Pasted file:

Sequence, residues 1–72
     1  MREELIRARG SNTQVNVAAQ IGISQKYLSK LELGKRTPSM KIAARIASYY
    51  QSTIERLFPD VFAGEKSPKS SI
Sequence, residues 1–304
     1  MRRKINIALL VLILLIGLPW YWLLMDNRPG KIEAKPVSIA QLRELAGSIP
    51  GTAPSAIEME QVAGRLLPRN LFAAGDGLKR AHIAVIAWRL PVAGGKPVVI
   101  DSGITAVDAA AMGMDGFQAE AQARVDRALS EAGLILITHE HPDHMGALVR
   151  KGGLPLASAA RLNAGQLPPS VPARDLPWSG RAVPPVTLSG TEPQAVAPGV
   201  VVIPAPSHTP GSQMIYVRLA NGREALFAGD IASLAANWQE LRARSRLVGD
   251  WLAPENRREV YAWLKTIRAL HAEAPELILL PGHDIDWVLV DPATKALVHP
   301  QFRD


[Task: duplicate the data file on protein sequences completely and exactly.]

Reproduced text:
Sequence, residues 1–72
     1  MREELIRARG SNTQVNVAAQ IGISQKYLSK LELGKRTPSM KIAARIASYY
    51  QSTIERLFPD VFAGEKSPKS SI
Sequence, residues 1–304
     1  MRRKINIALL VLILLIGLPW YWLLMDNRPG KIEAKPVSIA QLRELAGSIP
    51  GTAPSAIEME QVAGRLLPRN LFAAGDGLKR AHIAVIAWRL PVAGGKPVVI
   101  DSGITAVDAA AMGMDGFQAE AQARVDRALS EAGLILITHE HPDHMGALVR
   151  KGGLPLASAA RLNAGQLPPS VPARDLPWSG RAVPPVTLSG TEPQAVAPGV
   201  VVIPAPSHTP GSQMIYVRLA NGREALFAGD IASLAANWQE LRARSRLVGD
   251  WLAPENRREV YAWLKTIRAL HAEAPELILL PGHDIDWVLV DPATKALVHP
   301  QFRD